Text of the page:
Hapag-Lloyd Holds Naming Ceremony for ‘Hamburg Express’ (Germany)
Hapag-Lloyd held a naming ceremony for the “Hamburg Express”, the first of ten new vessels in its new 13,200 TEU class, today.
Cornelia Behrendt, wife of Michael Behrendt, Chairman of the Executive Board of Hapag-Lloyd, performed the ceremony for what is now the largest ship in the Hapag-Lloyd fleet. The naming ceremony took place at the Container Terminal Altenwerder (CTA) in Hamburg, where the new ship will call regularly in future. The first vessel in the new “Hamburg Express” class will sail Loop 4 of the G6 Alliance, replacing a ship with approximately 8,000 TEU on this service. Loop 4 starts in Hamburg and calls at the ports of Rotterdam, Singapore, Yantian, Ningbo and Shanghai before returning via Yantian, Singapore and Southampton.
“The fact that the newest and largest ship in the Hapag-Lloyd fleet carries the name of our home port out into the world is part of a long tradition. It is a sign of the strong bond which links us to Hamburg,” said Michael Behrendt. “The entry into a new class is something we have thought long and hard about. With the modern, extremely efficient newbuilds in the ‘Hamburg Express’ class, we are not only ensuring that Hapag-Lloyd stays competitive in future, but we are also pursuing our strategy of sustainable growth in line with the market.”
The US-based research institute IHS Global Insight predicts growth in global container volumes of 5% to 6% a year through 2016. This means that, between 2011 and 2016, transport volumes will rise by 36 million standard containers (TEU) to 158 million TEU in 2016, according to IHS Global Insight. Transport volume is set to go up by 4% even in the current year despite the economic uncertainty in Europe and restated assessments of economic growth worldwide. In contrast to this sharp increase in demand, the supply side, or the global order book for new container ships, is now at an historical low. The last time there were so few orders in relation to the world’s sailing fleets was ten years ago.
“Hapag-Lloyd is in an outstanding position among its international competitors to benefit from future market growth,” said Michael Behrendt. “In liner shipping, Hapag-Lloyd is one of the clear leaders when it comes to innovation and costs. We take an active part in shaping our industry, our ships are state-of-the-art, our crews on board and our staff on shore are well qualified and highly motivated. Our customer focus and our IT systems are peerless.”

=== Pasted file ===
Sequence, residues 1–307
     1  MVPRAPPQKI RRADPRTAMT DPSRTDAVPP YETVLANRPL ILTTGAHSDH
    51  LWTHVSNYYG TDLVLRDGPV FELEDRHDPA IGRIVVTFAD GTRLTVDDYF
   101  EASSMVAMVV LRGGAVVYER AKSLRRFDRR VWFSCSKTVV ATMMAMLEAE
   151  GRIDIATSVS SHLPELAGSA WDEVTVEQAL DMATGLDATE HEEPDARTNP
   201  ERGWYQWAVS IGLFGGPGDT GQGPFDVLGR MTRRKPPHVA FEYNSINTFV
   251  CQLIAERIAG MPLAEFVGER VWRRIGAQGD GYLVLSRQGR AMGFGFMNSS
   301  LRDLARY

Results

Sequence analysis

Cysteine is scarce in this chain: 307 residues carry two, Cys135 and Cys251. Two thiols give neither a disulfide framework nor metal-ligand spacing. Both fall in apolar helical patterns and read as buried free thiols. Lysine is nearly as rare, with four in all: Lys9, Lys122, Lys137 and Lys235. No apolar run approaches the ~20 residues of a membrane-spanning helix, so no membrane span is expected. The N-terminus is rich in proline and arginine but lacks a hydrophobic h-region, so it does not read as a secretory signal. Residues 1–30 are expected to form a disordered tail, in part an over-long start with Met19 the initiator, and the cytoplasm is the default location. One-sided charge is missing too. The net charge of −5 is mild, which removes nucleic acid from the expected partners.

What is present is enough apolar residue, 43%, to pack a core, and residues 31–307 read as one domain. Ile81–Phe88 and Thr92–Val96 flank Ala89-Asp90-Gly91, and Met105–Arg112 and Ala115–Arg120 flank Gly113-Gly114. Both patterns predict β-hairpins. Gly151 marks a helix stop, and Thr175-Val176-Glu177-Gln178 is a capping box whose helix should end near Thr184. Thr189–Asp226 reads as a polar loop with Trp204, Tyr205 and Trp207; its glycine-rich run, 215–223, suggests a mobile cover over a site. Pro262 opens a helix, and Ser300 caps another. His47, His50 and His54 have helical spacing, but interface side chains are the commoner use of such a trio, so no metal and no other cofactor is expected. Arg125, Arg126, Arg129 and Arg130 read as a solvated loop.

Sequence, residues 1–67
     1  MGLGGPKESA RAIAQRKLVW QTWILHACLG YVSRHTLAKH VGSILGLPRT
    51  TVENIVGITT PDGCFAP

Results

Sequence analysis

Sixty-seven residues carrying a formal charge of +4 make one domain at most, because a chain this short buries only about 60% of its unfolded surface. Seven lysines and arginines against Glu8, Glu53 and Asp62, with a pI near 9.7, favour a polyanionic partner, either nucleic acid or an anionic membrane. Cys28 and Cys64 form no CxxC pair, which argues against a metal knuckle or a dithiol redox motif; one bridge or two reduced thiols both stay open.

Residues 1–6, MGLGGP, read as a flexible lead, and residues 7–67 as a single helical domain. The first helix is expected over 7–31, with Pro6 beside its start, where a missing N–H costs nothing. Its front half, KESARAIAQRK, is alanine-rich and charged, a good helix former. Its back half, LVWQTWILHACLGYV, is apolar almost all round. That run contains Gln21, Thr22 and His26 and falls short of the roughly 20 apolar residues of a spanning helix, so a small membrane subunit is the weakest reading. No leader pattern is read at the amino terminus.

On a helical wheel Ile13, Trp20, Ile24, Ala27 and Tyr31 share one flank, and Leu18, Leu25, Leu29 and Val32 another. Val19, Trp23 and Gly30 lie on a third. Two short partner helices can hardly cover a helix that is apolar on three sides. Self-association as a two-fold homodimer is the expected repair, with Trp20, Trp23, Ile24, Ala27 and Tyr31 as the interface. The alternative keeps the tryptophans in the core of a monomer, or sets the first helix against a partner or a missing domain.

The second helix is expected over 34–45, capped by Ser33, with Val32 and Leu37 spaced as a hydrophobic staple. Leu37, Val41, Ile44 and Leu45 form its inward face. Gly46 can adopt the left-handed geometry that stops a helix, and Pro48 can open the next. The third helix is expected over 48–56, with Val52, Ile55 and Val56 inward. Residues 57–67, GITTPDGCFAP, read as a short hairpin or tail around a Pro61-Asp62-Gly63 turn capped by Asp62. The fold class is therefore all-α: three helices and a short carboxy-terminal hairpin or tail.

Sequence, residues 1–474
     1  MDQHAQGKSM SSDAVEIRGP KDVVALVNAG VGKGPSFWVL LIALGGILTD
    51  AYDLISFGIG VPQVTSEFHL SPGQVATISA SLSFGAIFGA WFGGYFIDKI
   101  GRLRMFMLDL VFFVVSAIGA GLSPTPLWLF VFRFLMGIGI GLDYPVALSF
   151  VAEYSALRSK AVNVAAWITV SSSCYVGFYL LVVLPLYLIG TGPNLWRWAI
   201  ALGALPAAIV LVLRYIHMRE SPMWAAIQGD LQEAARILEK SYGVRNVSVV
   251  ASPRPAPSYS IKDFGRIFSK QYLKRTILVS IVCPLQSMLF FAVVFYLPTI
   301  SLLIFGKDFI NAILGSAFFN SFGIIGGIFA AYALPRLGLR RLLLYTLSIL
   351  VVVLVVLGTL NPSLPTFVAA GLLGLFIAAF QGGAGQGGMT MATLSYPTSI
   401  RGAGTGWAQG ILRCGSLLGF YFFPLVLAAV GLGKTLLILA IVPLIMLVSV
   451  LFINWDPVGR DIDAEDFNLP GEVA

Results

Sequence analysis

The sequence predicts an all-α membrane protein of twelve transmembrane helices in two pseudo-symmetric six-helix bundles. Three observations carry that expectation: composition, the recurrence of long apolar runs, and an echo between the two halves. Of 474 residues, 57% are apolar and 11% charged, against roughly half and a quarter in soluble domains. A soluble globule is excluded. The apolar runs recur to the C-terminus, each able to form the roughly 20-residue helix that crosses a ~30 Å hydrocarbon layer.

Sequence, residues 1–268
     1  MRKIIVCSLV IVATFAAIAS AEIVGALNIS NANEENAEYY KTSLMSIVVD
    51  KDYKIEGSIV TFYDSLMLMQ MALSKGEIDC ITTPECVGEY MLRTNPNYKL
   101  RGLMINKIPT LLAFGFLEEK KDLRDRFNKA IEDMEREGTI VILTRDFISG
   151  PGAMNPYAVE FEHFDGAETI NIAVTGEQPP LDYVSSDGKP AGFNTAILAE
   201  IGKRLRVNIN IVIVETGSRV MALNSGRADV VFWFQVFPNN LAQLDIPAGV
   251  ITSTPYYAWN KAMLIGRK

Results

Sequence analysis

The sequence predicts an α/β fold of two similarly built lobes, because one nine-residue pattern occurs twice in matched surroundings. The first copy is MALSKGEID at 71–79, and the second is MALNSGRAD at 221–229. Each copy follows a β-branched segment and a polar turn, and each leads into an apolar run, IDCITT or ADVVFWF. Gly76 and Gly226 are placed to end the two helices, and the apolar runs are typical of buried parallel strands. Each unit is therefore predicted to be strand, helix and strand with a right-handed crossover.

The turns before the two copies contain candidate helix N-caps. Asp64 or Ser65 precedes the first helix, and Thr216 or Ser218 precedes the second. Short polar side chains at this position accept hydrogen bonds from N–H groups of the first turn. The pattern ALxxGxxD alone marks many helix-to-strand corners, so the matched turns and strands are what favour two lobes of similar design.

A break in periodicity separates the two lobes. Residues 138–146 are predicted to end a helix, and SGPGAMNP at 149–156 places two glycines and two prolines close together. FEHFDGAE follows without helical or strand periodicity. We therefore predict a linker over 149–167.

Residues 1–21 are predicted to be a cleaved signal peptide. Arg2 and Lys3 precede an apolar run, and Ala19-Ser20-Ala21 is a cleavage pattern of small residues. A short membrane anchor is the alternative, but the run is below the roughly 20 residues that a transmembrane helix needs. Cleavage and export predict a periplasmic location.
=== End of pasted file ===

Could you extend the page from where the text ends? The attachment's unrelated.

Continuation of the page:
All ten newbuilds will sail under the German flag which forms part of a long tradition at the Group. The latest newbuilds, which are under construction at the Hyundai Heavy Industries shipyard in Ulsan, South Korea, are 366 metres long and 48 metres wide and have a maximum capacity of 142,092 tonnes with a draft of 15.5 metres. From keel to superstructure they measure a good 66 metres.
The next two vessels from the series ordered in December 2010 will be delivered to Hapag-Lloyd in late September and mid-November, respectively, and will also be deployed in Loop 4. The remaining seven ships are due for delivery next year. A shipping company needs at least ten ships to operate a loop between Europe and Asia. With the addition of the newbuilds, Hapag-Lloyd can return more expensive charter ships and thus adjust its fleet capacities flexibly in line with market demand. Including the new “Hamburg Express”, the Hapag-Lloyd fleet currently consists of 147 vessels with a total capacity of around 674,000 TEU.
Like their predecessors, the ten units in the “Hamburg Express” class will set the highest environmental standards and achieve particularly low figures for fuel consumption and emissions thanks to innovative on-board technology. Numerous Hapag-Lloyd ships are already up to 30% better than the average in the active world fleet. The main innovation in terms of environmental protection on board the “Hamburg Express” and its sister ships is the equipment for ballast water treatment manufactured by the Hamburg-based firm Mahle Industriefilter. The system cleans ships’ ballast water without chemicals before it enters and before it leaves the ballast water tanks and uses filtration and UV light treatment to prevent organisms in the tanks from escaping unintentionally into foreign ecosystems.
Source: Hapag-Lloyd, August 17, 2012